Iaido gear, part 4

As promised, here are the details for my iaito…..


the blade

The distinctive curved blade of the Japanese sword with a nice Hi (groove).

The Hamon (blade pattern. The line at the cutting edge of the sword created by the hardening process during the making of the blade) is Yamato/Yamashiro styled suguha (straight) hamon.

Boshi kissaki no yakiba:

sharp point

This might be an iaito (practice sword), the kissaki (point/tip) is still quite sharp.


nice patterns

The metal collar that keeps the sword from falling out of the saya (scabbard) and holds the tsuba (hand guard) in place. Mine is in shiny gold




The hand guard. The variations found for this particular piece of sword fitting is astounding. From very simple shapes and design (like mine) to very very intricate collector’s art pieces. Designs/patterns are usually inspired by folk tales, historical events, religion, heraldry, nature, and the works of the greatest Chinese and Japanese painters.
On to the details for mine….
Shape: Mokko – four lobed and derive their name from the cross section of the tree melon.
Rim: Maru mimi– rounded flat edge.
Openings: Kozuka bitsu (semicircular opening for a utility knife ) and kogai bitsu (trefoil opening for a skewer) at both sides of the nakago (central opening for the blade) when the tsuba is mounted on a wakizashi (short sword).
Udenuki-ana (the 2 circular openings at the bottom) represent the sun and moon and were likely used for threading a leather wrist thong to prevent dropping the sword in battle.
Theme: After quite a bit of searching online, I could not find the exact meaning/theme for this particular design but managed to gather various bits of information floating around. This design would be an In-sukashi (negative silhouette) of either the sun or the moon. Some believe that it could be a droplet of water but would unlikely to be that here all on its own with no other elements to support it. Personally, I’d like to believe that it’s the representation of the Moon, because of the link with the Menuki (which will be explained just below this) and just because I like what the moon represents. ๐Ÿ™‚



Sword fittings, a set of 2 decorative elements on the tsuka (sword hilt), traditionally to secure the blade and improve the grip. Delicately fashioned flowers, animals and mythological figures were common motifs, signifying something about or for the owner.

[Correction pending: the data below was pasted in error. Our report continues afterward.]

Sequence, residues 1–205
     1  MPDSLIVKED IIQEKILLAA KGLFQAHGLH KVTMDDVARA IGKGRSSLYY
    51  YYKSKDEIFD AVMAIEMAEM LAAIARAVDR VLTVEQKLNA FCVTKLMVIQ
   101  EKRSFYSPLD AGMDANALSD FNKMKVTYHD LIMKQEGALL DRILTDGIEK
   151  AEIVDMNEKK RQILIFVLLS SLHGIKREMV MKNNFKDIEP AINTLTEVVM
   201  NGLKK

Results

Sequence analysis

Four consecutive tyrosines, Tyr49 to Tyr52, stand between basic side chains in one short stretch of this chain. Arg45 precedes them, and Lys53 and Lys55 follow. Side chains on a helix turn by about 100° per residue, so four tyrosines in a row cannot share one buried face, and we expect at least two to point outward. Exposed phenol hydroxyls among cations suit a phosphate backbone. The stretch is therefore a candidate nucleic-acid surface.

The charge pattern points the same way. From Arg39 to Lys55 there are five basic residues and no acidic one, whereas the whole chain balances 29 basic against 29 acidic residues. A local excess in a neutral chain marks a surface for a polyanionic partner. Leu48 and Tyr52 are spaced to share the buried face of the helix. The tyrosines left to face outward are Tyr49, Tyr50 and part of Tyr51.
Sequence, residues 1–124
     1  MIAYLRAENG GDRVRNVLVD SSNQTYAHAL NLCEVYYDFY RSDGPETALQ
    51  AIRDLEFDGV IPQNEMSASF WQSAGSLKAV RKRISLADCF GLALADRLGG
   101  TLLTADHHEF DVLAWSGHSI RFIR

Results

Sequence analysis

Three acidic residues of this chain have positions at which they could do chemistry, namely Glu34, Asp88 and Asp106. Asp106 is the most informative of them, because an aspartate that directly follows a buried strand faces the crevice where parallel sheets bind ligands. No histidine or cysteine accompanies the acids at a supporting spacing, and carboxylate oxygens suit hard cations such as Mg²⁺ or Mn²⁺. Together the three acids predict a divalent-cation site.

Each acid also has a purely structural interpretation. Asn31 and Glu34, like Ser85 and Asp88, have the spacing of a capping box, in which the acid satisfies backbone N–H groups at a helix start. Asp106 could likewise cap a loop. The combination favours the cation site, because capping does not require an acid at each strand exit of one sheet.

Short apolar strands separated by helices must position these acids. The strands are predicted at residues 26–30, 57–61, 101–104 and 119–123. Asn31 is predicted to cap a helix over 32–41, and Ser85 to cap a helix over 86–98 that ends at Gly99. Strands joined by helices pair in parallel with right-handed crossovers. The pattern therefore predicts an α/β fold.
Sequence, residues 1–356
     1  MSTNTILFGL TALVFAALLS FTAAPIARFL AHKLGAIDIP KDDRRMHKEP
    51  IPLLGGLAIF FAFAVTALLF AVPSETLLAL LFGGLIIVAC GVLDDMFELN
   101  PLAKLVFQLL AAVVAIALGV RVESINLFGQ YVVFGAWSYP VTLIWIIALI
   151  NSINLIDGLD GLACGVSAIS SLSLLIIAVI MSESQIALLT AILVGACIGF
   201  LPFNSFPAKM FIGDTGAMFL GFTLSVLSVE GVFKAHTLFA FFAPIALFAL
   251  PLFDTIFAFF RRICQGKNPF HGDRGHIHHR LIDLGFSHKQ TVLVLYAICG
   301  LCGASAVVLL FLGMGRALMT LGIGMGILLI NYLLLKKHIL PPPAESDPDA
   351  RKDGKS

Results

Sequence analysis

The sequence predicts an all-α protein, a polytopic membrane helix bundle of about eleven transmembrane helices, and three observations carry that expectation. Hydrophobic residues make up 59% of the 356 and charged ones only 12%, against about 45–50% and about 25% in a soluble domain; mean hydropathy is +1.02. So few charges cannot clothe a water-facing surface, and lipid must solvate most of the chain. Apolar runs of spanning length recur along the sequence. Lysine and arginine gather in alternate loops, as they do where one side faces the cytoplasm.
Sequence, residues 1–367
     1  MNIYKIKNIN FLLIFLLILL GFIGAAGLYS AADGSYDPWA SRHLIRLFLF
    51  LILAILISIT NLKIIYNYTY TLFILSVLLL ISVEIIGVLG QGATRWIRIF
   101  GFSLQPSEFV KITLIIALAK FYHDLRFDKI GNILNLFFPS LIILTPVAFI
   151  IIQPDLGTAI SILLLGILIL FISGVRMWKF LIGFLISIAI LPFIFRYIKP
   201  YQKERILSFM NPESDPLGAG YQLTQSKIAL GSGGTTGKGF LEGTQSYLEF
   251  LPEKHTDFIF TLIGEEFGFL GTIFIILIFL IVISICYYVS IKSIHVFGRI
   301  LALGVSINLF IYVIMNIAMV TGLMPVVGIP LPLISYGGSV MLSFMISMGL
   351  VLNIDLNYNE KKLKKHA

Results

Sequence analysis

My Menuki is a reproduction of the Tsuki No Usagi (Rabbit on the Moon, 18th- 19th century Edo period).

“A rabbit or hare with a body as full and round as the moon itself. Its significance might have been tied to the fact that the rabbit is one of the twelve animal symbols in the Asian zodiac. According to traditional belief, a samurai born in the year of the rabbit would enjoy longevity, courage and strength. Such character traits might also be found within folk tales, one of which tells of a rabbit who lived with two companions, a monkey and a fox. When a hungry visitor stops at their doorstep, the monkey gathers fruit and the fox catches a fish to feed the old man. The rabbit, embarrassed that he has nothing to add to the meal, throws himself upon the fire. This unselfish sacrifice impresses the old man — who is, of course, a mighty god traveling in disguise. The god quickly gathers the rabbit from the fire and installs him on the moon.

Fuchi kashira:

fuchi and kashira

Handle collar and cap. Information for this design was even harder to find! But with a load of patience, I managed to bump into a very similar design on a kogai (skewer… see above, tsuba), a design favoured by Goto Sojo (1461-1538).

The playful theme is described as Enokoro no Zugara . The puppy/dog has his paw on a long string that is attached at the other end to a awabi (abalone) shell which represents a food bowl. The motif looks like the dog is playing with his food bowl which is attached to a lead or rope…. The combination of them is thought to be a design to invite happiness.โ€


My gushing about my iaito is now complete. Think I can hear a chorus of snores at the background by non-sword-buffs who have unfortunately happened into this post.



For those who were wondering, I go to Aikido of London for my classes. Any Londoners/London-visitors interested in joining either Aikido or Iaido?


5 thoughts on “Iaido gear, part 4”

  1. Wow, I’m very impressed! Beautiful habaki and decorations, and I love the tsuba. Been thinking about that very shape myself. Where did you get it? It’s way more beautiful than the average iaito I’ve seen. Even more detailed than the average shinken in fact.

  2. Thank you!
    My sensei ordered it for me from Japan. No idea what I was getting until I actually held it in my hands a week and a bit ago! ๐Ÿ˜€ Definitely worth every penny. Adore it.

    Oddly enough I think the iaito fittings suits me very well! I’m born year of the dog, so the fuchi kashira made me grin. Little personal guardians, of sorts! ๐Ÿ˜€

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